Sue Kingery Woltanski: If You Give a State a Hammer…
Sue Kingery Woltanski regularly reports on Florida shenanigans. Here she talks about Jeb Bush’s unending love for his failed A+ plan for school accountability.
In the 1960s, Abraham Kaplan, a Professor of Philosophy at UCLA, urged scientists to exercise good judgment in the selection of appropriate methods for their research. Just because certain methods happen to be handy (say, using standardized test scores to indiscriminately make education decisions?), there’s no assurance that same method is appropriate for all problems. He summed up what became known as “Kaplan’s Law of the Instrument” as
“Give a small boy a hammer, and he will find that everything he encounters needs pounding.”
This could sum up Florida’s high stakes testing regime where, in the name of “accountability,” standardized test scores are used to determine everything from school and district grades to teacher evaluations, student promotion/retention rates and graduation eligibility. For decades, Florida’s A+ Accountability system has been treated like the sacred cow which must not be touched. High stakes standardized tests are Florida’s hammer, and public school students and teachers continue to get pounded.
As promised in HB1, the Florida Senate has prioritized the deregulation of PreK-12 public schools this session. Senate President Passidomo has made “leveling the playing field” and “reducing bureaucratic red tape” her priority and the Florida Senate is pushing forward with a series of bills.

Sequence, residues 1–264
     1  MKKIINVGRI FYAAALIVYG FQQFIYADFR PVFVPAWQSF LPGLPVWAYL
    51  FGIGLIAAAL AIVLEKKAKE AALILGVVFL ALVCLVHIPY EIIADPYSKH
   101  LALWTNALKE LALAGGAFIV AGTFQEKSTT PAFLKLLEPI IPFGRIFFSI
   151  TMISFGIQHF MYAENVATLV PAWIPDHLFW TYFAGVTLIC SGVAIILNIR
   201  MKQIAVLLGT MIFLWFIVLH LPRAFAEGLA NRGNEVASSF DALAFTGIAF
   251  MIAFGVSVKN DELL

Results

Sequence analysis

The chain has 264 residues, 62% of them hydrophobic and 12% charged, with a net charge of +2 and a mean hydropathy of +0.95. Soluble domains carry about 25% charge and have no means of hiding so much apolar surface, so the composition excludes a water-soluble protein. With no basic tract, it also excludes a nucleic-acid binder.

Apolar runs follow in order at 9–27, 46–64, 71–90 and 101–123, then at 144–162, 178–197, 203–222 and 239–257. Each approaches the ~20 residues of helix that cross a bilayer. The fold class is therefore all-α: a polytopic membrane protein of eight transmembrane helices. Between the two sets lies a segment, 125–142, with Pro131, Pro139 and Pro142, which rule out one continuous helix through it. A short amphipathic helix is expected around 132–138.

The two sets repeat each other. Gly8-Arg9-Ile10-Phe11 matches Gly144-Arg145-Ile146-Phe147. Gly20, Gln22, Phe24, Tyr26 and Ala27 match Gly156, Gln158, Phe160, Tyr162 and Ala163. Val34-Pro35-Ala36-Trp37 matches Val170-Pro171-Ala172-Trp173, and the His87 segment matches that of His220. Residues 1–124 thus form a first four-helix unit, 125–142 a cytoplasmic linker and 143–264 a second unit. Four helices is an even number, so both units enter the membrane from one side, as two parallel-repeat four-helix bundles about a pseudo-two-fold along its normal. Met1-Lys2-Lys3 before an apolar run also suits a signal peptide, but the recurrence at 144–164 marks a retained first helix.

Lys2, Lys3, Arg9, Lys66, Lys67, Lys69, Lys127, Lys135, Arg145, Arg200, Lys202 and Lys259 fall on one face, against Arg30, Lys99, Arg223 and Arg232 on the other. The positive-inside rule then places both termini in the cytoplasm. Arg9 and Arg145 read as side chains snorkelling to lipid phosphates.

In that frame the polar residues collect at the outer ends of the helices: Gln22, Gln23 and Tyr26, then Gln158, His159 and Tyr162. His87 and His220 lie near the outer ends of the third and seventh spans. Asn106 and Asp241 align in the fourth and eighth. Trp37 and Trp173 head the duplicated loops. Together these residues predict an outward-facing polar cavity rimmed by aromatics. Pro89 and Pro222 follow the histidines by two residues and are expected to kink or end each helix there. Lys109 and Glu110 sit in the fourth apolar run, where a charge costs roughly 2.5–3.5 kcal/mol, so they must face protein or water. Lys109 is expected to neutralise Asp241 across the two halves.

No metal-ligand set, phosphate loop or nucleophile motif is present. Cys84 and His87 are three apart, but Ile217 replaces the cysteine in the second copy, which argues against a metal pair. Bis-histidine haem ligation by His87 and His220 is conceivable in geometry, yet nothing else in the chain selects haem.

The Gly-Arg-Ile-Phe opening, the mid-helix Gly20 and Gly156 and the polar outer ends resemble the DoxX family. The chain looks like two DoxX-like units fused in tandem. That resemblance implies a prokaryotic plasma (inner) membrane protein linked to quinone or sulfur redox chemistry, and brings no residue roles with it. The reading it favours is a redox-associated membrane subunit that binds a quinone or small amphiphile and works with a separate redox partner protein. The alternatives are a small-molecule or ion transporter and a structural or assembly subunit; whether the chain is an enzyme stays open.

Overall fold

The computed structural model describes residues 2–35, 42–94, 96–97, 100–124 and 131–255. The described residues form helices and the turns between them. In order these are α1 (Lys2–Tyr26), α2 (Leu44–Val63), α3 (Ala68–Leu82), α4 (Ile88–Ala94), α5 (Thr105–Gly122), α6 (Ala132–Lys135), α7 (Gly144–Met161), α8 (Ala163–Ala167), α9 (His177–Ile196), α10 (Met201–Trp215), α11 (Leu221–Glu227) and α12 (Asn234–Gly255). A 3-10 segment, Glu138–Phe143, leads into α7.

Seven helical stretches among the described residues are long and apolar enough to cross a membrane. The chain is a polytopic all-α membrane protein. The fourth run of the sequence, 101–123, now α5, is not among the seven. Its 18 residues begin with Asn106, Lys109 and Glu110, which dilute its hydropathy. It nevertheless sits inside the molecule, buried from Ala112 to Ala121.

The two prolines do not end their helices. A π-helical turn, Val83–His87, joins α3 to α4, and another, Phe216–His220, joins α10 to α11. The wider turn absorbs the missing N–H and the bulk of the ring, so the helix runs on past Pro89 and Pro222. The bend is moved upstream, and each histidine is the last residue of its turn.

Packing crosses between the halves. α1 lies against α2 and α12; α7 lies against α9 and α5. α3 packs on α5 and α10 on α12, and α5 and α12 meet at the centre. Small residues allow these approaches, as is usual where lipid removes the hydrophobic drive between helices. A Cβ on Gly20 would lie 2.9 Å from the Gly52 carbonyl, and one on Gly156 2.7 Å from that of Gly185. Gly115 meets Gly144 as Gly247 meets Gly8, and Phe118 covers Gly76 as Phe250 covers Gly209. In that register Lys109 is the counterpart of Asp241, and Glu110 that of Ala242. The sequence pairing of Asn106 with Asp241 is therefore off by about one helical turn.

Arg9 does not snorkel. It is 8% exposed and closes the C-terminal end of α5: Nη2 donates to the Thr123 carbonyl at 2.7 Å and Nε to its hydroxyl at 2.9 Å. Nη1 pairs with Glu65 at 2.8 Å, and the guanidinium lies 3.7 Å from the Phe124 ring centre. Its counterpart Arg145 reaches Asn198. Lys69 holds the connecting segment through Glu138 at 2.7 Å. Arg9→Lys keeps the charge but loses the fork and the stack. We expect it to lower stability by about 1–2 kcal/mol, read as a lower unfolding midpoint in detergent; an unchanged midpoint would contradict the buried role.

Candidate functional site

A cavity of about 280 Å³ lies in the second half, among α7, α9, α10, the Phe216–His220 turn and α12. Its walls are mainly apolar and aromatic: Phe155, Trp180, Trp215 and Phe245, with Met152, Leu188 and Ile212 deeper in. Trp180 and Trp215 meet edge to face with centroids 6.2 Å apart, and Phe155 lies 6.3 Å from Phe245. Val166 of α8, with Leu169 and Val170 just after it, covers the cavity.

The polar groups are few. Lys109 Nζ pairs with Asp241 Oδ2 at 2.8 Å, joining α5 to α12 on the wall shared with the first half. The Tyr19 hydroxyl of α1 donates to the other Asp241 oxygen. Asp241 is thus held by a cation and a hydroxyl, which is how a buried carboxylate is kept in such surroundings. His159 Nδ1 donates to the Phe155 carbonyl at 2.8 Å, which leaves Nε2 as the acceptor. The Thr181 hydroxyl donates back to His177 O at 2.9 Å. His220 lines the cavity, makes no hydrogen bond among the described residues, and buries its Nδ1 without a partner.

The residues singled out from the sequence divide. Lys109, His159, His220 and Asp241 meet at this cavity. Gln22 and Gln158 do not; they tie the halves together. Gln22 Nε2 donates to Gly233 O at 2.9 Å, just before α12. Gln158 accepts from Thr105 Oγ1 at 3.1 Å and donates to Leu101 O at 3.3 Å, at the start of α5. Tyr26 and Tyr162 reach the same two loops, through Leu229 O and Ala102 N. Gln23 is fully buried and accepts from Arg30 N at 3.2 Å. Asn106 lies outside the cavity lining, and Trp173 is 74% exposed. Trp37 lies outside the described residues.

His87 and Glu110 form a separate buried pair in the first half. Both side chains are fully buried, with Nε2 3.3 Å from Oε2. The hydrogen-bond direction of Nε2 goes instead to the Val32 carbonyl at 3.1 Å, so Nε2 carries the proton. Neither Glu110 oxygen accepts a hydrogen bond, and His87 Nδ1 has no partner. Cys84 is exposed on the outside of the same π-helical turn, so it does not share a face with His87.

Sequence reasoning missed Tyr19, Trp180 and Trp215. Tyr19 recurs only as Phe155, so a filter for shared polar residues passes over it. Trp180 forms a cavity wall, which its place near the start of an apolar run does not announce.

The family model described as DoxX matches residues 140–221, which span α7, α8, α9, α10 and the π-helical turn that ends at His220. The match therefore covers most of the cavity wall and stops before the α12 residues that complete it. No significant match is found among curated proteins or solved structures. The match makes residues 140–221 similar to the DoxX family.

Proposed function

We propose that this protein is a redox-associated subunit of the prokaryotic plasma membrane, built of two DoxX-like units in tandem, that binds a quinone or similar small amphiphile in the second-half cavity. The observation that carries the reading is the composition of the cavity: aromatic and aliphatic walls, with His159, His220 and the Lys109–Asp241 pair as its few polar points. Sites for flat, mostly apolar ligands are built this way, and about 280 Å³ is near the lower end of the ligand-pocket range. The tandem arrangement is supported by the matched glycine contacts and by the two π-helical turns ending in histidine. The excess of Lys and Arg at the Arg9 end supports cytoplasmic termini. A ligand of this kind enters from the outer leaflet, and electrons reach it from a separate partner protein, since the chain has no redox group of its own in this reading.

SB7004 focuses on assessment and accountability. While keeping Florida’s testing regime intact, the bill seeks to:
- Eliminate the requirement for students to pass the Algebra 1 end of course and grade 10 English Language Arts assessment to earn a standard high school diploma. (Students must still take the state assessments and pass 4 years of Language Arts and Math classes, including Algebra 1 and Geometry, but their diploma won’t be threatened if they don’t pass the state-created standardized assessment.)
- Allow parental input into 3rd grade promotion/retention decisions (Currently, students are retained in 3rd grade if they fail to score high enough on the state mandated Reading assessment, without parental input.)
The bill’s Staff Analysis is here.
Not surprising, former Governor Jeb Bush, who championed Florida’s A+ plan, is not a fan of SB7004. His recent op-eds encourage lawmakers to stand firm on his signature accountability policies.
His 11/29/23 op-ed in the Sun Sentinel celebrated Florida’s success in national 4th grade Math and Reading scores on the National Assessment for Educational Progress (NAEP), often referred to as the “Nation’s Report Card.” Florida’s 4th grade success, he says, is directly attributable to the implementation of his A+ Plan, which emphasizes high expectations, standardized measurement, accountability, and choice. He warns that SB7004 will water down these policies and warns “We’ve spent two decades establishing, maintaining and building upon these ideals. Now is not the time for lawmakers to get weak-kneed on policies that have played key roles in contributing to two decades of educational progress.”[For the record, much of Florida’s 4th grade success on the NAEP is likely a result of its 3rd grade retention policies – low performing readers are held back a year, artificially elevating 4th grade scores.]
In Bush’s world, all data requires more commitment to his idea. Read the full post here.